|Title: ||Characterization of intraluminal drug and formulation behavior in humans supporting the development of predictive tools|
|Other Titles: ||Ontwikkeling van biorelevante in vitro modellen voor de evaluatie van supersaturatie - inducerende formuleringen op basis van in vivo karakterisering bij de mens|
|Authors: ||Hens, Bart|
|Issue Date: ||28-Oct-2016 |
|Table of Contents: ||After oral intake, a drug needs to pass several barriers prior to reaching its site of action. As long as we are dealing with highly soluble and permeable drug compounds, the rate of intestinal absorption will be determined by the rate of gastric emptying (GE), and intestinal absorption will not be compromised. Unfortunately, drug discovery nowadays has to deal with an immense pipeline of new chemical entities (NCE) that exhibit insufficient aqueous solubility. Unless focusing on a formulation strategy to overcome this problem, these compounds would drop out in an early stage of drug development. Estimates are that approximately 70% of the new drug candidates exhibit a poor aqueous solubility in recent years (Kawabata et al., 2011). Increasing intestinal concentrations through a formulation approach may enhance the driving force for intestinal absorption, leading to sufficient systemic concentrations of the active drug compound. For decades, academics and industrial scientists expand their knowledge on how these enabling formulations behave after oral administration based on in vitro/in silico studies. Depending on the formulation, various hypotheses have been stated that may explain the underlying mechanisms of improved oral absorption after oral intake: some formulations will enhance intestinal concentrations by solubilizing-strategies, whereas others will create supersaturated concentrations of the drug along the gastrointestinal (GI) tract. Supersaturation can be created through formulation strategies (supersaturating drug delivery systems; e.g. solid dispersions, lipid based formulations, prodrugs), but, for basic compounds, also upon transit from the acidic environment in the stomach to the neutral environment in the intestine in terms of pH.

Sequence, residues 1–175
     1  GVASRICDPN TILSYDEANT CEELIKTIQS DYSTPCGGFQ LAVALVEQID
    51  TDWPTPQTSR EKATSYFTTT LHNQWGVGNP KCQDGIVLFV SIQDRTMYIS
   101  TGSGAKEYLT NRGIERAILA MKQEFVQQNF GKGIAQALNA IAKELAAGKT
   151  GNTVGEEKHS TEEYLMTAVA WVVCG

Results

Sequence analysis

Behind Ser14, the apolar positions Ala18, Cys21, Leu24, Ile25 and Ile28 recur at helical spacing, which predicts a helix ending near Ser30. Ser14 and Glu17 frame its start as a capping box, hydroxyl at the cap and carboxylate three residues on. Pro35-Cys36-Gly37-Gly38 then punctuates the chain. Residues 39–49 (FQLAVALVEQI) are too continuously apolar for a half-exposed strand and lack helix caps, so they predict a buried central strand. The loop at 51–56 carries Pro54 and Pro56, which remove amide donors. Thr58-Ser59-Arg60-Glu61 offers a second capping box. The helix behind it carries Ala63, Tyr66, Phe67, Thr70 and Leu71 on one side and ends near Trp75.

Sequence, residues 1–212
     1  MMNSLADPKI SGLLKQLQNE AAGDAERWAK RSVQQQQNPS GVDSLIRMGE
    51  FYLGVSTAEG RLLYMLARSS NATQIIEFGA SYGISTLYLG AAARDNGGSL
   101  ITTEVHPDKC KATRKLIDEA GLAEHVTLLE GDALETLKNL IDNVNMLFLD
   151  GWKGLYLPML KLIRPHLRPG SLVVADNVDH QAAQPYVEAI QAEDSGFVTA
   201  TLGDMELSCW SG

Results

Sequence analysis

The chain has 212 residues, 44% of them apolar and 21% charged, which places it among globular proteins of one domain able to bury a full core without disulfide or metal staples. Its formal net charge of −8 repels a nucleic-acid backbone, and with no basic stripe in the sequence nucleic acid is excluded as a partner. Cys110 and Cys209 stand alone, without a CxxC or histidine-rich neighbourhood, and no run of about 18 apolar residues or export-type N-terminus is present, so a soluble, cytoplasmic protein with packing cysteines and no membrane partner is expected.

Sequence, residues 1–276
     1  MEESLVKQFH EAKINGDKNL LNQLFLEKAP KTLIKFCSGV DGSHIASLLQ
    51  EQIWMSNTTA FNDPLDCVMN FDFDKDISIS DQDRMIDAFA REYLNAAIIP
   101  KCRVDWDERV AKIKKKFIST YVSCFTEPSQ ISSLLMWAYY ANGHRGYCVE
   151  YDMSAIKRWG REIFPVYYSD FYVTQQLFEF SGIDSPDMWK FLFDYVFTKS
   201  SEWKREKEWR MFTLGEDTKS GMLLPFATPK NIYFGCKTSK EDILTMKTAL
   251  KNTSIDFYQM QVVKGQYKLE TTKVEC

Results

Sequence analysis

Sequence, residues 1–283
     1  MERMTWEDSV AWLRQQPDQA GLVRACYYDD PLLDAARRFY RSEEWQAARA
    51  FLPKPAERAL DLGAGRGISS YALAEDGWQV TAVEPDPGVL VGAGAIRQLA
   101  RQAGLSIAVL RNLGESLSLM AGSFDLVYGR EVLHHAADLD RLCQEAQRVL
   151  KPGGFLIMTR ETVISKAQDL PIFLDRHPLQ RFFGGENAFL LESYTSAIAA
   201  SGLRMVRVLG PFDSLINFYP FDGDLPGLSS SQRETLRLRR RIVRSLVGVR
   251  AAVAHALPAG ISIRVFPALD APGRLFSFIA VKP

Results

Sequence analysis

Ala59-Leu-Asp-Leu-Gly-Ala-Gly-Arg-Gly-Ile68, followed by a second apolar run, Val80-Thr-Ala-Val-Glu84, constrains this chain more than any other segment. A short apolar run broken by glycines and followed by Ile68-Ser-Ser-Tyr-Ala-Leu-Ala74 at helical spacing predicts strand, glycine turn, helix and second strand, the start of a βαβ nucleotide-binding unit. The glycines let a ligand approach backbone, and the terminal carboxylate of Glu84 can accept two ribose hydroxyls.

Whilst enabling formulations attract a lot of interest, it is still questionable how these formulations behave in the GI tract in terms of measured concentrations and, more importantly, how the GI tract may affect the life course of the drug and its corresponding formulation. The degree of intestinal supersaturation and, consequently, the tendency for absorption and/or precipitation, can be significantly affected by several gastrointestinal variables along the gastrointestinal tract (e.g. GE, dilutions, transit times, pH, etc.).
Information about intraluminal and systemic drug concentrations after oral intake of these enabling formulations may serve as unique reference data to optimize predictive models, frequently applied in an early stage of drug development. Therefore, clinical studies where drug concentrations along the GI tract are profiled in parallel with systemic concentrations, are indispensable and of paramount importance to help pharmaceutical companies in a time- and cost saving manner. This mindset was the basis for the research performed during my PhD, which will be described in detail in this doctoral dissertation.
To provide an overview of the different techniques mentioned in literature to explore gastrointestinal variables affecting drug delivery and disposition, the first chapter will give you an in-depth overview of the different methodologies, including their challenges and opportunities. The subsequent chapters will give you an overview of the results obtained by the intraluminal sampling technology.
|Publication status: ||published|
|KU Leuven publication type: ||TH|
|Appears in Collections:||Drug Delivery and Disposition|